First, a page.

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Bishops support moves against Boris Johnson

06 June 2022

The Prime Minister will face a vote of no confidence this evening

Alamy

The Prime Minister at the BBC Platinum Party at the Palace on Saturday

The Prime Minister at the BBC Platinum Party at the Palace on Saturday

THE Prime Minister will face a vote of no confidence this evening amid intensifying calls for him to resign.

On Monday morning, the chairman of the 1922 Committee, Sir Graham Brady, announced that he had received enough letters from Conservative MPs to trigger a vote of no confidence in Boris Johnson. The vote will be held between 6 p.m. and 8 p.m.

If the Prime Minister fails to win a simple majority, the party will begin the process of selecting a new leader to replace him.

The announcement that the threshold had been met follows a jubilee weekend in which Mr Johnson faced further calls to resign. On Friday, the Bishop of Buckingham, Dr Alan Wilson, described Mr Johnson as a liar.

Asked on Times Radio whether he thought Mr Johnson should resign, Dr Wilson replied: “The only answer is yes.”

He highlighted Mr Johnson’s statements about lockdown parties in Downing Street. “It’s not the parties actually,” Dr Wilson said. “It’s the lying. I think that’s the problem. I mean, everybody makes mistakes. And I think people are very tolerant about that. But I think it’s very difficult to trust a liar.”

In April, Mr Johnson was fined for his involvement in a gathering that broke Covid-19 laws. Shortly after, on Maundy Thursday, the Bishop of Leeds, the Rt Revd Nick Baines, told the Church Times: “If breaking the laws you have made, and then lying about it, does not require resignation, then what does? Our public life and discourse are being corrupted. Integrity is essential to public life” (News, 20 April).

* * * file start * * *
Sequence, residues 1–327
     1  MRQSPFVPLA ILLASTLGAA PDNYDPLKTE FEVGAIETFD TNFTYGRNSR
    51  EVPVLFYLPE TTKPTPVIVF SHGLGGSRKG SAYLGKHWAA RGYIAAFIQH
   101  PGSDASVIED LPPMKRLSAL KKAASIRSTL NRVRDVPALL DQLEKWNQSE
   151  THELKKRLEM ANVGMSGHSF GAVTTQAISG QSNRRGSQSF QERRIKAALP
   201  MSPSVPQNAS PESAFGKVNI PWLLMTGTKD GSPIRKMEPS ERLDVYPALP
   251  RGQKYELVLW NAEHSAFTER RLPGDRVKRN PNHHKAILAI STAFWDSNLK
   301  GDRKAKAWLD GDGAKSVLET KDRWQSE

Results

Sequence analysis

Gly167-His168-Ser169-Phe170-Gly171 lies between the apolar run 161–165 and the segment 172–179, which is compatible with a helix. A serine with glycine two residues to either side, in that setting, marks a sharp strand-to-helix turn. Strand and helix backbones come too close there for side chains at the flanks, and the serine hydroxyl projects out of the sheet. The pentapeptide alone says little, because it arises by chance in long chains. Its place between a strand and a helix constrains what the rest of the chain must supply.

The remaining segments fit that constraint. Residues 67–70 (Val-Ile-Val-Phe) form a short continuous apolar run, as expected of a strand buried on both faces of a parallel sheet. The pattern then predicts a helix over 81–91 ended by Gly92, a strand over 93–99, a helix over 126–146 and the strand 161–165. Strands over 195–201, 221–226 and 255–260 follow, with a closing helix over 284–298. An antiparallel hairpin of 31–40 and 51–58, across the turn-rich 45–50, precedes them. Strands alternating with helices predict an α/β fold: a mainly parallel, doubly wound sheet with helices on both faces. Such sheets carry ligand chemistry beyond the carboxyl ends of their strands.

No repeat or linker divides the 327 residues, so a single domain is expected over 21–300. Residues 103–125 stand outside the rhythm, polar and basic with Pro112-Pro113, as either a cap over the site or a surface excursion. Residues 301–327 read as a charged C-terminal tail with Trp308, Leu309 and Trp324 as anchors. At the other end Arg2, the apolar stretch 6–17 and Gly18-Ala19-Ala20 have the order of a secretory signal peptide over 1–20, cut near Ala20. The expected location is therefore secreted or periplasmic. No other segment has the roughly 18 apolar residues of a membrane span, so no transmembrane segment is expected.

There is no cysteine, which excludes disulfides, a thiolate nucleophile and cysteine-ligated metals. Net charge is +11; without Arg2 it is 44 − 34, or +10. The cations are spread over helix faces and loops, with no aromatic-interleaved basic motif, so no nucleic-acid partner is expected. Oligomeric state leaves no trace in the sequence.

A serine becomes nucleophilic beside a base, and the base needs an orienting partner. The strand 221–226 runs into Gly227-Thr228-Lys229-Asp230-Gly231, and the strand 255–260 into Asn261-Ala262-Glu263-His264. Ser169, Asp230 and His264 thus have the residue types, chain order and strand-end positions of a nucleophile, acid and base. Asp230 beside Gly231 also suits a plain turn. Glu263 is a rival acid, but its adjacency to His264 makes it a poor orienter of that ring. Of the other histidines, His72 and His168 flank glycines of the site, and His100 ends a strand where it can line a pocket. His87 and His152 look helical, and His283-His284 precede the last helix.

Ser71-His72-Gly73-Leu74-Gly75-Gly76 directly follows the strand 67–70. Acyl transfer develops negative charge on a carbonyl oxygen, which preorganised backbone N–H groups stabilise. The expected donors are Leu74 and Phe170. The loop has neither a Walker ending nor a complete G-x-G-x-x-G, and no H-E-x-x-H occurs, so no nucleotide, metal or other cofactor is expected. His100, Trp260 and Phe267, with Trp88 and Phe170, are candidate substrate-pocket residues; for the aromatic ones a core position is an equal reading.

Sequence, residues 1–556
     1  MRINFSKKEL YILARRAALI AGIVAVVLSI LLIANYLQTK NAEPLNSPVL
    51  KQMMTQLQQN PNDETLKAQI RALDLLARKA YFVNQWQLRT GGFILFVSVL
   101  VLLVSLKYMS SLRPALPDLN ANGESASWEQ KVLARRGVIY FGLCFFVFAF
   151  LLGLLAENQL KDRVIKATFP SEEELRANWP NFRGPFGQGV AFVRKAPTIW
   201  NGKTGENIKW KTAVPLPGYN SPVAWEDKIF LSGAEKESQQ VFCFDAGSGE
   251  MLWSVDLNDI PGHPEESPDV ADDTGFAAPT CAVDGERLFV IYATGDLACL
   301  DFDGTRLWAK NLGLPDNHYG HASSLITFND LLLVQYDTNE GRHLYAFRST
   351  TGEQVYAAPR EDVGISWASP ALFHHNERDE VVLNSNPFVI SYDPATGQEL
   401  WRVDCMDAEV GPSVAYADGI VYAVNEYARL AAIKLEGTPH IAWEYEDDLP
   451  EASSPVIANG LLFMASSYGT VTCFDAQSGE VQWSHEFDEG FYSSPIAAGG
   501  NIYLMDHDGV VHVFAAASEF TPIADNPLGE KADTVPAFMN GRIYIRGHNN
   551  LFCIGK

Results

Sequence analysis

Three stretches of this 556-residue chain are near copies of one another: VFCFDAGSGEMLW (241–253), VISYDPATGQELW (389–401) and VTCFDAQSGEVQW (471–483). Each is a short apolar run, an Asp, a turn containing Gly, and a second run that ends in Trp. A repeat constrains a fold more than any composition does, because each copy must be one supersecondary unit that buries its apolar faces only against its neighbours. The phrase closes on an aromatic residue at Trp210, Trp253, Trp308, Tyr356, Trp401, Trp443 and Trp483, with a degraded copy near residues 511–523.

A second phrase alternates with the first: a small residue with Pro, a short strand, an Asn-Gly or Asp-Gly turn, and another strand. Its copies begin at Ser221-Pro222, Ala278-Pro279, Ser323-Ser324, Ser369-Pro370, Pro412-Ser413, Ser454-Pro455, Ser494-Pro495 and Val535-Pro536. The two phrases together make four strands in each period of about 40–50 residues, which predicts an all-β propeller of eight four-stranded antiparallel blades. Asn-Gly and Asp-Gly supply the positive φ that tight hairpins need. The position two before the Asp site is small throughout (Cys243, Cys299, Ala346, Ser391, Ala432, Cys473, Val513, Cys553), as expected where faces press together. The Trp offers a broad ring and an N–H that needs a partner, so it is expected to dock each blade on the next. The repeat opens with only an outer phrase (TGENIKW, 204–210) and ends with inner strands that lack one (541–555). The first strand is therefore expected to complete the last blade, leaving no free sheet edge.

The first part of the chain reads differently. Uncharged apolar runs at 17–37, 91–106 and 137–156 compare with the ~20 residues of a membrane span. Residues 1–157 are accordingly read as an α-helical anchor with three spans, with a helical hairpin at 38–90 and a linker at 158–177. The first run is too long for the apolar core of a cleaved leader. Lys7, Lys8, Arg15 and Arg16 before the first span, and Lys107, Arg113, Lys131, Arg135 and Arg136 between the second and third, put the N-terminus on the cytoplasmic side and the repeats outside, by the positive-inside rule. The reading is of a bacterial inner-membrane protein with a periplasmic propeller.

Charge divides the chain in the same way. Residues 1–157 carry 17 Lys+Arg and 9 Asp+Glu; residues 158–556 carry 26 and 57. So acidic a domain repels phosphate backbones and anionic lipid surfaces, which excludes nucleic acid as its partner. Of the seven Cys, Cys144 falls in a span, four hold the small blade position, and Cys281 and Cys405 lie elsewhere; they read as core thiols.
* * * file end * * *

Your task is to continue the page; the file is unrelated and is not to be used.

The Bishop of Kensington, Dr Graham Tomlin, was similarly stern. In a Twitter post on 12 April, the day that Mr Johnson was fined, he wrote: “Don’t know about you but I think if I had been found guilty and fined for breaking lockdown rules I would have felt the need to offer my resignation.”

On Monday morning, the former Treasury minister Jesse Norman became the latest Conservative MP to release a letter to Mr Johnson calling on him to resign. Mr Norman criticised Mr Johnson’s conduct and said that his policies were “at odds with a decent, proper conservatism”. The former Bishop of Liverpool, Bishop Paul Bayes, described Mr Norman’s letter as “a fine restatement of genuinely Conservative values, and a courageous one”.

In February, the chair of Christians in Parliament, Sir Gary Streeter, who is the Conservative MP for South West Devon, submitted a letter of no confidence in Mr Johnson (News, 4 February). In a Facebook post, Mr Streeter said: “I cannot reconcile the pain and sacrifice of the vast majority of the British Public during lockdown with the attitude and activities of those working in Downing Street. Accordingly, I have now submitted a letter seeking a motion of no confidence in the Prime Minister.”

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